top of page

The Resurrection of Jesus

Now I make known to you, brethren, the gospel which I preached to you, which also you received, in which also you stand, by which also you are saved, if you hold fast the word which I preached to you, unless you believed in vain. For I delivered to you as of first importance what I also received, that Christ died for our sins according to the Scriptures, and that He was buried, and that He was raised on the third day according to the Scriptures.

-- 1 Corinthians 15:1-4 --

Why am I writing this now and not just before Easter? Because the gospel of Christ is not limited to Easter Sunday. The crucifixion, death, and burial of Jesus is just part of the gospel of Christ. If this is where it ended, then there is no gospel. We will perish in our sins for all eternity! Jesus claimed that He will be crucified then rise from the grave on the third day (Matthew 17:22-23; 20:19; Mark 10:33-34; Luke 18:33). Not only did Jesus have the authority to lay down His life on His own initiative, He also had the authority to take it up again (John 10:17-18). Jesus told the Jews, “Destroy this temple, and in three days I will raise it up” (John 2:19). Jesus is “the resurrection and the life” (John 11:25). He has life in Himself (John 1:4; 5:26). If He did not rise from the dead then all of His claims are false and we will have no reason to believe in Him.

For if the dead are not raised, not even Christ has been raised; and if Christ has not been raised, your faith is worthless; you are still in your sins. Then those also who have fallen asleep in Christ have perished (1 Corinthians 15:16–18).

Jesus proved, beyond a reasonable doubt, exactly who He claimed to be - the Son of God. Thus, we can have complete confidence in everything written about Him in the Scriptures. The great prophet of Islam, Muhammed, died and was buried in A.D. 632. He is still in the grave regardless of claims by some in Islam that he is alive.

According to the Scriptures

When Paul wrote "according to the Scriptures" in 1 Corinthians 15:1-4, he was referring to Old Testament prophecies concerning the death, burial, and resurrection of Christ.

  • "Christ died for our sins" -> Psalm 22:1-8; Isaiah 53:4-8.

  • "He was buried" -> Isaiah 53:9.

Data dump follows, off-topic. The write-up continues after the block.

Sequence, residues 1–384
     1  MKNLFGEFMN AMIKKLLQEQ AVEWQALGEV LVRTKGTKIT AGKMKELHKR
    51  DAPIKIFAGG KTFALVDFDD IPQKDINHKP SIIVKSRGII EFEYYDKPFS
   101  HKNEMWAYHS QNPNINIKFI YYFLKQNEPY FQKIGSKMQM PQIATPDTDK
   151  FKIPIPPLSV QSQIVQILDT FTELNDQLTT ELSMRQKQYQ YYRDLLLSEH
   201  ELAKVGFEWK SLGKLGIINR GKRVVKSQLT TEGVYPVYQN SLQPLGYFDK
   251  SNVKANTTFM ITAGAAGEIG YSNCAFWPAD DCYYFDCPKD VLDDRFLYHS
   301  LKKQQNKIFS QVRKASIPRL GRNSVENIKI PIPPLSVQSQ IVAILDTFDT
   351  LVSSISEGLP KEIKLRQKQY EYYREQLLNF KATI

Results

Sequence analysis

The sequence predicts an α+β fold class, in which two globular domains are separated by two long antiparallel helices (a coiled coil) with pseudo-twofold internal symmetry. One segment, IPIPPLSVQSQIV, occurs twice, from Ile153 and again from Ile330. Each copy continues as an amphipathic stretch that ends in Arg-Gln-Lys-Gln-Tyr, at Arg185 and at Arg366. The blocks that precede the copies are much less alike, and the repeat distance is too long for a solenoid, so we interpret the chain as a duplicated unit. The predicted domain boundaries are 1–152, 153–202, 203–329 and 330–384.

• "He was raised on the third day" -> Psalm 16:9-10; Isaiah 53:10 ("He will see His offspring and prolong His days"); Hosea 6:2.

Three Days and Three Nights

Many, including myself at one time, have thought the following: if Jesus spent three days and three nights in the grave, then He must have been crucified on Thursday instead of Friday, or He must have rose from the dead on Monday instead of Sunday. The problem with this thought is that our twenty-four hour days start and end at midnight (12pm). However, Jewish days start and end at sunset. Jesus told His disciples, “The Son of Man must suffer many things and be rejected by the elders and chief priests and scribes, and be killed and be raised up on the third day” (Luke 9:22). Jesus was crucified on the first day (Friday) and was taken off the cross and buried before the Sabbath began (Luke 23:50–55). The Sabbath (Saturday) started at sunset, the beginning of the second day. Luke 23:56 records that the women returned and prepared spices and perfumes for the body of Jesus who was laid in the tomb, then rested on the Sabbath according to the commandment. The third day (Sunday) began the sunset after the Sabbath. This was the first day of the week. Jesus rose from the dead sometime before early dawn when the women came to the tomb bringing the spices which they had prepared. And they found the stone rolled away from the tomb, but when they entered, they did not find the body of the Lord Jesus (Luke 24:1–3).

According to Matthew 12:40, Jesus said He will “be three days and three nights in the heart of the earth” yet He rose from the grave on the third day. Is this a contradiction? Jewish reckoning of days and nights is inclusive meaning any part of a day was considered a whole day (sunset to sunset). He was taken off the cross and buried before sunset on Friday (one day/night). Jesus spent all day Saturday in the grave (second day/night), then part of Sunday in the grave (third day/night). He clearly understood this (Mark 9:31; 10:34; John 2:19) and those seeking to kill Him clearly understood this (Matthew 26:61; 27:40, 63; Mark 8:31; John 2:20).